December 10, 2020
As a nurse and culture expert, I look for patterns. The similarities between what is occurring in health care and law enforcement are remarkable. Both institutions are supposed to keep us safe. Yet both policing and healthcare hide their bad apples in a culture of secrecy. The callous indifference to human life that sparked police reform across our nation was so intolerable that it sparked a revolution. But how will a revolution occur in health care when no one acknowledges the problem?
Physicians, nurses, and administrators want you to be safe. But that hope does not match reality. Hospital errors have been insidiously killing more people than Covid-19 for over a decade while hospitals regularly pay hush money under the table for silence in non-disclosure settlements. Is this acceptable to you?
For over twenty years I have taught the principles of safety to healthcare workers nationwide. However, little has changed because priorities are misaligned. Safety advocates continue to tell stories of patients needlessly dying from our mistakes: the young mother of two who died when the physician didn’t listen to the nurses’ concerns, the nurse whose patient ended up a paraplegic because of her incomplete assessment, or the board of directors that was pleased because ‘only three patients died from our mistakes this year’. There are exceptions, such as the top 100 Hospitals. However, the norm is that thousands of patients die from preventable errors while the general public and unions stand by silent and idle.
Because any hospital’s survival depends on enough income to keep the doors open, finances are the unspoken top priority (especially now when so many hospitals are in the red.) One example of this is staffing grids that dictate how many nurses are allowed per the budget, versus how many nurses are actually requested to provide you with safe, skilled care. As citizens, we have enabled the healthcare industry to morph into profitable businesses that are not beholden to the community while expecting boards to be altruistic. This result is a conflict: the vested interests of executives vs. the best interest of our communities.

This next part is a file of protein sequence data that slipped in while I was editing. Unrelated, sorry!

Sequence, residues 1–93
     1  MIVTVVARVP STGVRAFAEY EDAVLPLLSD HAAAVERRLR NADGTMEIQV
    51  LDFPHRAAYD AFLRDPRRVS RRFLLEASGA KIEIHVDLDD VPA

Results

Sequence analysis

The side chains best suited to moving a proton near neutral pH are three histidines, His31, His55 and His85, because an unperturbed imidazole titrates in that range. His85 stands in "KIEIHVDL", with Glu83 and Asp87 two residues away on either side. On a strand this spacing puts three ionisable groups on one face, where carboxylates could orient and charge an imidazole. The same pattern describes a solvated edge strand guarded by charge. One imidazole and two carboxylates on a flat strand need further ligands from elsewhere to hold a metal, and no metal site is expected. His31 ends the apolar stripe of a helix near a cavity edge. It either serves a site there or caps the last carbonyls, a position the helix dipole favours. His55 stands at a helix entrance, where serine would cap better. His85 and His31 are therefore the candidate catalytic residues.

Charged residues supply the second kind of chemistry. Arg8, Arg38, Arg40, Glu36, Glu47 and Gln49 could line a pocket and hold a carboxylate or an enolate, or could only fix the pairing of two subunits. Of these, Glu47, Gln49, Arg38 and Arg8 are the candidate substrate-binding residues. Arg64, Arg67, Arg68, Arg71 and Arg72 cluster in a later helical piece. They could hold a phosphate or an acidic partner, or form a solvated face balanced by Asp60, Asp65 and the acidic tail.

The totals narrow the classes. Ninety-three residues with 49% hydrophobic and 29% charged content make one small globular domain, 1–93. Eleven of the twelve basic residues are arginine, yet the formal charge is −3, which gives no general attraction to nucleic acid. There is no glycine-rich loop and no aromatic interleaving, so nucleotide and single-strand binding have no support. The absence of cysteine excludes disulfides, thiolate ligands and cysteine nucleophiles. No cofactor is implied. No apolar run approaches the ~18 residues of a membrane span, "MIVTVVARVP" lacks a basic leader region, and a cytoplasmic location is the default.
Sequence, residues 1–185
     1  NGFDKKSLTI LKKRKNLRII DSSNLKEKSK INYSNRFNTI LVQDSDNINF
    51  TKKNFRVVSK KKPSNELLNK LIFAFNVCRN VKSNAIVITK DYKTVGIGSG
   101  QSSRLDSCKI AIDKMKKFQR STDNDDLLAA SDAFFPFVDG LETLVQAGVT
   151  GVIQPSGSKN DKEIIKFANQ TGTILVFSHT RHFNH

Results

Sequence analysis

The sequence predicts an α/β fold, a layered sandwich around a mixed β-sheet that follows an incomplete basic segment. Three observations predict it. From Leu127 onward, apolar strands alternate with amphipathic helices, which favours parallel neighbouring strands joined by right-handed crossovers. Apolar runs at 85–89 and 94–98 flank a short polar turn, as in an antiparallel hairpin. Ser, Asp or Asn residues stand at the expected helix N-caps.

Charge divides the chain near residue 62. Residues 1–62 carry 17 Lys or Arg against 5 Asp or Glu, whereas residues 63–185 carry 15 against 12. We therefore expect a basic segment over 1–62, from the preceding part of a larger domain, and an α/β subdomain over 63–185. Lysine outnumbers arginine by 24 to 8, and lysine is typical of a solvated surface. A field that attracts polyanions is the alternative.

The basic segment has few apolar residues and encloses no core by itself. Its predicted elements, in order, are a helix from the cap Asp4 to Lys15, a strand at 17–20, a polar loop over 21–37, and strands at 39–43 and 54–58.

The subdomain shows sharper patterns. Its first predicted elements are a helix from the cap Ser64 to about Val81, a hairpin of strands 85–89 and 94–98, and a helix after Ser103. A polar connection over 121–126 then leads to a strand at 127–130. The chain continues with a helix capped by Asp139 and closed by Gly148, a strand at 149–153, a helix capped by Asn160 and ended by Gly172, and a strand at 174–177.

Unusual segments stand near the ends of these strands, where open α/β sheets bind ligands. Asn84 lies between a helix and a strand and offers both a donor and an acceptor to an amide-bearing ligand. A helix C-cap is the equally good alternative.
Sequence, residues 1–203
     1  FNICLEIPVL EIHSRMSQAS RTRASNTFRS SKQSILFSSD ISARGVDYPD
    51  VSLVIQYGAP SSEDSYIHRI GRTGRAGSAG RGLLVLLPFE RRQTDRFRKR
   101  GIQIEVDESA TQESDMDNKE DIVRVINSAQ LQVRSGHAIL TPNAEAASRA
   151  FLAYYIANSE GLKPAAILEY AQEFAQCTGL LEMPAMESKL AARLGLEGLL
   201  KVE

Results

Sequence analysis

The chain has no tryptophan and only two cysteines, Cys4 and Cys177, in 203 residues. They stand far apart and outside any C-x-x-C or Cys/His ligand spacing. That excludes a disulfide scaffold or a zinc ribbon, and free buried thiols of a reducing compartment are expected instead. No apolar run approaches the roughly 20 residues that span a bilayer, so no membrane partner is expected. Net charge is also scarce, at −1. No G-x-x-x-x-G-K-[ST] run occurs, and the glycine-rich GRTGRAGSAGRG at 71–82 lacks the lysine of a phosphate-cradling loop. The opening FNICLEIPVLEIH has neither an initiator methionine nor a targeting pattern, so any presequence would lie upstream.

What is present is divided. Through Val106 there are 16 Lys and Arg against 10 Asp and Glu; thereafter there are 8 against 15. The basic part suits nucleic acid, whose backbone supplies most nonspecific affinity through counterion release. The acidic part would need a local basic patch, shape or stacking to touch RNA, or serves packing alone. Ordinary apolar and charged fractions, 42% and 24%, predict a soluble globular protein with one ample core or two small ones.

New structures must be designed to incentivize hospitals to have a vested interest in keeping their communities healthy. This can only happen if healthcare is primarily a service, rather than a money-making business; a right rather than a privilege (as in a single-payer system where every stakeholder’s top priority is your safety and well-being).
Unless consumers demand transparency, a culture of secrecy will prevail. This culture prevents us from learning from our mistakes and protects incompetent providers. Hospitals must be held accountable for reporting and sharing all errors instead of burying mistakes in non-disclosure settlements. Furthermore, we delude ourselves by expecting that hospitals will openly share their mistakes at the expense of their reputation.
The best of us cannot keep you safe in the current dysfunctional system.
I guarantee you that not one of the over 400,000 patients who have died from our mistakes ever thought it could be them. No one is exempt, and no one will be safe until we replace shame and secrecy with structures based on the values of inclusiveness and integrity that we as Americans cherish.
Kathleen Bartholomew, RN, MN
(Kathleen has been a national speaker for the nursing profession for the past eleven years. In 2010 she was nominated by Health Leaders Media as one of the top 20 people changing healthcare in America. With her husband, John J. Nance, she co-authored, “Charting the Course: Launching Patient-Centric Healthcare.” )
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